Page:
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|Uncle Tom's Cabin||Harriet Beecher Stowe|
|Page 5 of 6||
The two brothers ran up the verandah steps, and were soon seated at a light bamboo stand, with the backgammon-board between them. As they were setting their men, Alfred said,
"I tell you, Augustine, if I thought as you do, I should do something."
"I dare say you would,--you are one of the doing sort,--but what?"
"Why, elevate your own servants, for a specimen," said Alfred, with a half-scornful smile.
"You might as well set Mount AEtna on them flat, and tell them to stand up under it, as tell me to elevate my servants under all the superincumbent mass of society upon them. One man can do nothing, against the whole action of a community. Education, to do anything, must be a state education; or there must be enough agreed in it to make a current."
"You take the first throw," said Alfred; and the brothers were soon lost in the game, and heard no more till the scraping of horses' feet was heard under the verandah.
"There come the children," said Augustine, rising. "Look here, Alf! Did you ever see anything so beautiful?" And, in truth, it _was_ a beautiful sight. Henrique, with his bold brow, and dark, glossy curls, and glowing cheek, was laughing gayly as he bent towards his fair cousin, as they came on. She was dressed in a blue riding dress, with a cap of the same color. Exercise had given a brilliant hue to her cheeks, and heightened the effect of her singularly transparent skin, and golden hair.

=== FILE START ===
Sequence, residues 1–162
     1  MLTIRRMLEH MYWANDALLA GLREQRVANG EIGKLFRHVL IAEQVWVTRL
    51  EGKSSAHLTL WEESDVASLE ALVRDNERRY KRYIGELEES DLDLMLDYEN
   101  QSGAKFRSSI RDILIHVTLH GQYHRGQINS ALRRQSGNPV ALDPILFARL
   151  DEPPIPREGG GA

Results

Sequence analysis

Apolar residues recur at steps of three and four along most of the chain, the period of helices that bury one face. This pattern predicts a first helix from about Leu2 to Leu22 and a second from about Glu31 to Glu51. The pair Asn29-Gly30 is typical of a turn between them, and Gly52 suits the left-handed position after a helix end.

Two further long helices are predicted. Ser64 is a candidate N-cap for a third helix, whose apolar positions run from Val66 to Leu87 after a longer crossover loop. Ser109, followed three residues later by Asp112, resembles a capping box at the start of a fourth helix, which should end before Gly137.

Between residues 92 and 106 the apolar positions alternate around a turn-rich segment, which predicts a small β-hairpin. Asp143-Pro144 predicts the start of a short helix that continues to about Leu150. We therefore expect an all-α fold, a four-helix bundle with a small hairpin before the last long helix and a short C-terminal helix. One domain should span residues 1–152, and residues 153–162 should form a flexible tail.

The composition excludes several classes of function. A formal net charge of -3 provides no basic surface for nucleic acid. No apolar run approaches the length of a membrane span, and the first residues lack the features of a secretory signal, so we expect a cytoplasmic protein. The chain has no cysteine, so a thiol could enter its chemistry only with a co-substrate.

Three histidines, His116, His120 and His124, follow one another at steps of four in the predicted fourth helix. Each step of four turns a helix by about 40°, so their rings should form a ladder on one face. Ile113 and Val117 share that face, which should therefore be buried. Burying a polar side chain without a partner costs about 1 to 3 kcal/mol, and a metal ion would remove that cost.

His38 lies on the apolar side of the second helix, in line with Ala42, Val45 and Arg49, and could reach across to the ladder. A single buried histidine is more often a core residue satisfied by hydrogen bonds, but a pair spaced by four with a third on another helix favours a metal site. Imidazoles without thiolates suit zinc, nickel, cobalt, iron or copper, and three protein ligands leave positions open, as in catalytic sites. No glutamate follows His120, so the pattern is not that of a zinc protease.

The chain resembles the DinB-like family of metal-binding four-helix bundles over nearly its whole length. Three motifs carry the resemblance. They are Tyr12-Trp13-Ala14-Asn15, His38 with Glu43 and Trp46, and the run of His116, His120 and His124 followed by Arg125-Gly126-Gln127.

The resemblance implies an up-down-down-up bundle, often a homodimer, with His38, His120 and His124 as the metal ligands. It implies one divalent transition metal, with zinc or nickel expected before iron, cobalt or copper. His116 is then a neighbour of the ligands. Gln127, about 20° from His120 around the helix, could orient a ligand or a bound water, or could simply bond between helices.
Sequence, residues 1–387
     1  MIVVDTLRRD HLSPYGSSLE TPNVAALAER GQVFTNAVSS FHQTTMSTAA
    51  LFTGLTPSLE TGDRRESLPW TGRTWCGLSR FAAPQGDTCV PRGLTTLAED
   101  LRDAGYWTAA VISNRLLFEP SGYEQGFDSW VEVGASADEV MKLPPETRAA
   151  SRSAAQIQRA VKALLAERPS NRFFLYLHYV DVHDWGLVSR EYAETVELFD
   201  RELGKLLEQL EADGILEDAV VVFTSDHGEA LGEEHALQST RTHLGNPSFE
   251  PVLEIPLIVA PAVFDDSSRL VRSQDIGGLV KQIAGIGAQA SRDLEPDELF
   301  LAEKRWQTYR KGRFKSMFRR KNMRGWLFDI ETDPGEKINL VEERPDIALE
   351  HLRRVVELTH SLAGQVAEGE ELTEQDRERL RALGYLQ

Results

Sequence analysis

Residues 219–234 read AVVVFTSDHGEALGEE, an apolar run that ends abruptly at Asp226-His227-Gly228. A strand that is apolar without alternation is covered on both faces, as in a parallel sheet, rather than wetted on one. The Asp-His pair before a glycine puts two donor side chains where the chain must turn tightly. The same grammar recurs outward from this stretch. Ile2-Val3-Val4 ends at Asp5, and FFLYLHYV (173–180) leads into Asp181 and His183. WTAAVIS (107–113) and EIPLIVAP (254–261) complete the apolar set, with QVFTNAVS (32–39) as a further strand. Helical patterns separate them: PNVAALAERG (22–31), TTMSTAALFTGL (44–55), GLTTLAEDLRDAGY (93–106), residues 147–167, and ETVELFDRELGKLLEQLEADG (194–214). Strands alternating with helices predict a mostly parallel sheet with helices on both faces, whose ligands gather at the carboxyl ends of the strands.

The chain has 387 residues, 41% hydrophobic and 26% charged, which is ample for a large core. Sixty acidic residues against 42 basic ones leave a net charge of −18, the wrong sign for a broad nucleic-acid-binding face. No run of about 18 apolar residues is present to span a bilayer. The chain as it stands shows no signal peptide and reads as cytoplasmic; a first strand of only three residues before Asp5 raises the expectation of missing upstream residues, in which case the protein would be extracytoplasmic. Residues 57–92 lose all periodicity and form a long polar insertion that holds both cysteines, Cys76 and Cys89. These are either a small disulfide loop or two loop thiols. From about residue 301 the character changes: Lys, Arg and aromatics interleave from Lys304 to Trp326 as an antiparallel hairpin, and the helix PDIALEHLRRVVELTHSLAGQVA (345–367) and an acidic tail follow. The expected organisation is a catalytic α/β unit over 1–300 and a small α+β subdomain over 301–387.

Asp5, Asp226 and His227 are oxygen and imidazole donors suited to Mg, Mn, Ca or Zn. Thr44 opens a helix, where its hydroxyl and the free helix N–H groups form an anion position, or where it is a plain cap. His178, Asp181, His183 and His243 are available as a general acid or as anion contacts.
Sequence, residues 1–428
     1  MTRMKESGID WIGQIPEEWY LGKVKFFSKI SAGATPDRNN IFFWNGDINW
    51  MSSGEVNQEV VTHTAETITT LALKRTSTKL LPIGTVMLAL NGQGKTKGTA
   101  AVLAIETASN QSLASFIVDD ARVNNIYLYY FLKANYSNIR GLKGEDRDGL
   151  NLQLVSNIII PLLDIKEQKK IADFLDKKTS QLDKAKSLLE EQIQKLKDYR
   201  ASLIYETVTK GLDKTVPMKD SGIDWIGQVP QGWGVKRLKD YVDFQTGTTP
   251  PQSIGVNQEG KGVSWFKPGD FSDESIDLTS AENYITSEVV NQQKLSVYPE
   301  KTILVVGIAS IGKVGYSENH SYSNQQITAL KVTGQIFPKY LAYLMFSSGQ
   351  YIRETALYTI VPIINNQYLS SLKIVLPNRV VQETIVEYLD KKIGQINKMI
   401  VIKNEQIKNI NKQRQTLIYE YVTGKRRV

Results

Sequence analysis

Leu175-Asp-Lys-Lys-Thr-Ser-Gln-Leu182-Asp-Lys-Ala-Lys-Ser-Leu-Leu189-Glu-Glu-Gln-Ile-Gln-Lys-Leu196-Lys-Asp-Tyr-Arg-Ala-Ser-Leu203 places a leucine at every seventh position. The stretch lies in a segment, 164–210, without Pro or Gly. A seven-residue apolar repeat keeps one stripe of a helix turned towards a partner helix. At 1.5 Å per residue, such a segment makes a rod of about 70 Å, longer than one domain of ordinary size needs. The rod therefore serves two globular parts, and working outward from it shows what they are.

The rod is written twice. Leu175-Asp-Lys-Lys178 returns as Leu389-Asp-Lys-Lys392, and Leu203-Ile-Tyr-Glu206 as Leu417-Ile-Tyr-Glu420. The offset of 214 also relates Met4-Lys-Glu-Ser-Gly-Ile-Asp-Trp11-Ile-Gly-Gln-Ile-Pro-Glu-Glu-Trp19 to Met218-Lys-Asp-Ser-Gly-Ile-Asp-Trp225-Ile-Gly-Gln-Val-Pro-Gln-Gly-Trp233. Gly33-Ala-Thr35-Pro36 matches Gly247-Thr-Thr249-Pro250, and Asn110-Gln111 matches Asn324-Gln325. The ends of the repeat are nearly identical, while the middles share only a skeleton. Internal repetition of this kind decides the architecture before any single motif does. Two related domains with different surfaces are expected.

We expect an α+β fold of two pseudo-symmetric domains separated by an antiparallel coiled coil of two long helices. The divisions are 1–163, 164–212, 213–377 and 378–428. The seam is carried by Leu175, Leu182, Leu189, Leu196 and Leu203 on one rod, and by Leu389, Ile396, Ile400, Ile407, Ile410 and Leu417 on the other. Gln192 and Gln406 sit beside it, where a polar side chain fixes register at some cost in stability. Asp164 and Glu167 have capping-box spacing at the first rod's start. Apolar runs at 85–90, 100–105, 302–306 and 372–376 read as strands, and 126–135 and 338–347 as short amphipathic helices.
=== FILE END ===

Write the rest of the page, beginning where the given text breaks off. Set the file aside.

"Good heavens! what perfectly dazzling beauty!" said Alfred. "I tell you, Auguste, won't she make some hearts ache, one of these days?"
"She will, too truly,--God knows I'm afraid so!" said St. Clare, in a tone of sudden bitterness, as he hurried down to take her off her horse.
"Eva darling! you're not much tired?" he said, as he clasped her in his arms.
"No, papa," said the child; but her short, hard breathing alarmed her father.
"How could you ride so fast, dear?--you know it's bad for you."
"I felt so well, papa, and liked it so much, I forgot."
St. Clare carried her in his arms into the parlor, and laid her on the sofa.
"Henrique, you must be careful of Eva," said he; "you mustn't ride fast with her."
"I'll take her under my care," said Henrique, seating himself by the sofa, and taking Eva's hand.
Eva soon found herself much better. Her father and uncle resumed their game, and the children were left together.
"Do you know, Eva, I'm sorry papa is only going to stay two days here, and then I shan't see you again for ever so long! If I stay with you, I'd try to be good, and not be cross to Dodo, and so on. I don't mean to treat Dodo ill; but, you know, I've got such a quick temper. I'm not really bad to him, though. I give him a picayune, now and then; and you see he dresses well. I think, on the whole, Dodo 's pretty well off."
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|Uncle Tom's Cabin
Harriet Beecher Stowe
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